Skip to main content

Rogaine and Braveheart on Austerity

More on the Reinhart and Rogoff debacle. It says a lot about the state of mainstream economics.

Comments

  1. Also check the interview to the hero. http://www.ritholtz.com/blog/2013/04/colbert-demolishes-reinhart-rogoff/

    ReplyDelete
  2. what does an excel mistake say about the state of macroeconomics?

    ReplyDelete
    Replies
    1. seriously dude?! did you watch the video. not just a mistake, but one that was used to justify austerity around the world. at best it says that lack of peer review and slopy standards are the norm at harvard, supposedly a serious place. but if you look deeper it says considerably more. lack of understanding of causality issues, serious lack of understanding of basic things that even neoclassical economists like Domar understood better about debt dynamics (read his 1944 paper). at worst it shows a certain disingenous behavior by mainstream academic economists. shameful. that's why rogaine and braveheart are the but of every joke, including colbert's.

      Delete
    2. Hey, in one post Domar's a Keynesian, but here he's neoclassical. Did he have an evil twin? :-)

      Delete
    3. Hi Calgacus. There is no contradiction. Yes Domar was both Keynesian and neoclassical. It was called neoclassical synthesis. Like modern New Keynesians, which are also neoclassical, the Keynesian features result from short run rigidities and imperfections. And neoclassical authors are not necessarily evil (some might be), what they are incoherent and at odds with the best evidence.

      Delete
  3. Australia is in the midst of an extended election campaign. The report linked to below was released last Tuesday by the Grattan Institute (an Australian "non-partisan" think-tank).

    Quotes from the Grattan report:
    "Some argue that high debt reduces economic growth... Their successors and financial institutions can then find it difficult to borrow at reasonable costs, and economic growth is often slow for a long time". (page 8)

    I won't go into the detail of the recommendations: check by yourselves.

    Also, check References and footnotes in that page. Herndon et al, by the way, are actually mentioned... in the footnote.

    Wednesday morning, by sheer coincidence, S&P announced its concern about Australia's fiscal position: a downgrade from the triple A rating is mentioned.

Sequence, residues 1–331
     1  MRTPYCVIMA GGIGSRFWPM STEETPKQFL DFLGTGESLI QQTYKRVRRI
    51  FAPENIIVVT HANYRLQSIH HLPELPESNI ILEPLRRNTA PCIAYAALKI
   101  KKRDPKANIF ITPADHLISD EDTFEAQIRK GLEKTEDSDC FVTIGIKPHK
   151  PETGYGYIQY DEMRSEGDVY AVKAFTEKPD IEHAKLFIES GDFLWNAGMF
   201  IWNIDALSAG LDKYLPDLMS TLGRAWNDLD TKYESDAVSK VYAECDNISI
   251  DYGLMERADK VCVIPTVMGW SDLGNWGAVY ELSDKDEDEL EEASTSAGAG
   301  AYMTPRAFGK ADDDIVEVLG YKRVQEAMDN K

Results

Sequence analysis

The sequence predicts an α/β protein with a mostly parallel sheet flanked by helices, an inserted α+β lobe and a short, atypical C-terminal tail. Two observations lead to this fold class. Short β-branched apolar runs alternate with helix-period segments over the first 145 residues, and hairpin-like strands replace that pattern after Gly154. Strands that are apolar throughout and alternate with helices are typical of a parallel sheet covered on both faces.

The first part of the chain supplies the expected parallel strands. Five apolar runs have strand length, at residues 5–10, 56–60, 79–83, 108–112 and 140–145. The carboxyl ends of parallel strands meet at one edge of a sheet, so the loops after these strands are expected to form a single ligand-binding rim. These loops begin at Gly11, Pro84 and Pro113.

That Wednesday evening, again by sheer coincidence, opposition leader Tony Abbott, after months avoiding TV interviews (rumour has it he suffers from the foot-in-mouth disease) was on TV: in 13 minutes he mentioned "surplus" eight times. You know, because the ratings, this; competitiveness, that.

    I guess Jeff Cox (senior writer, CNBC Net, April 17) was right: is not that Reinhart and Rogoff are influential (??!!), it's that their "research" has been "hijacked" by politicians (??!!)

    Grattan Institute report
    http://grattan.edu.au/publications/reports/post/budget-pressures-on-australian-governments/

    Conclude from this what you must.

    ReplyDelete

Post a Comment

Popular posts from this blog

A few brief comments on Brexit and the postmortem of the European Union

Another end of the world is possible
There will be a lot of postmortems for the European Union (EU) after Brexit. Many will suggest that this was a victory against the neoliberal policies of the European Union. See, for example, the first three paragraphs of Paul Mason's column here. And it is true, large contingents of working class people, that have suffered with 'free-market' economics, voted for leaving the union. The union, rightly or wrongly, has been seen as undemocratic and responsible for the economics woes of Europe.

The problem is that while it is true that the EU leaders have been part of the problem and have pursued the neoliberal policies within the framework of the union, sometimes with treaties like the Fiscal Compact, it is far from clear that Brexit and the possible demise of the union, if the fever spreads to France, Germany and other countries with their populations demanding their own referenda, will lead to the abandonment of neoliberal policies. Aust…

A brief note on Venezuela and the turn to the right in Latin America

So besides the coup in Brazil (which was all but confirmed by the last revelations, if you had any doubts), and the electoral victory of Macri in Argentina, the crisis in Venezuela is reaching a critical level, and it would not be surprising if the Maduro administration is recalled, even though right now the referendum is not scheduled yet.

The economy in Venezuela has collapsed (GDP has fallen by about 14% or so in the last two years), inflation has accelerated (to three digit levels; 450% or so according to the IMF), there are shortages of essential goods, recurrent energy blackouts, and all of these aggravated by persistent violence. Contrary to what the press suggests, these events are not new or specific to left of center governments. Similar events occurred in the late 1980s, in the infamous Caracazo, when the fall in oil prices caused an external crisis, inflation, and food shortages, which eventually, after the announcement of a neoliberal economic package that included the i…

What is the 'Classical Dichotomy'?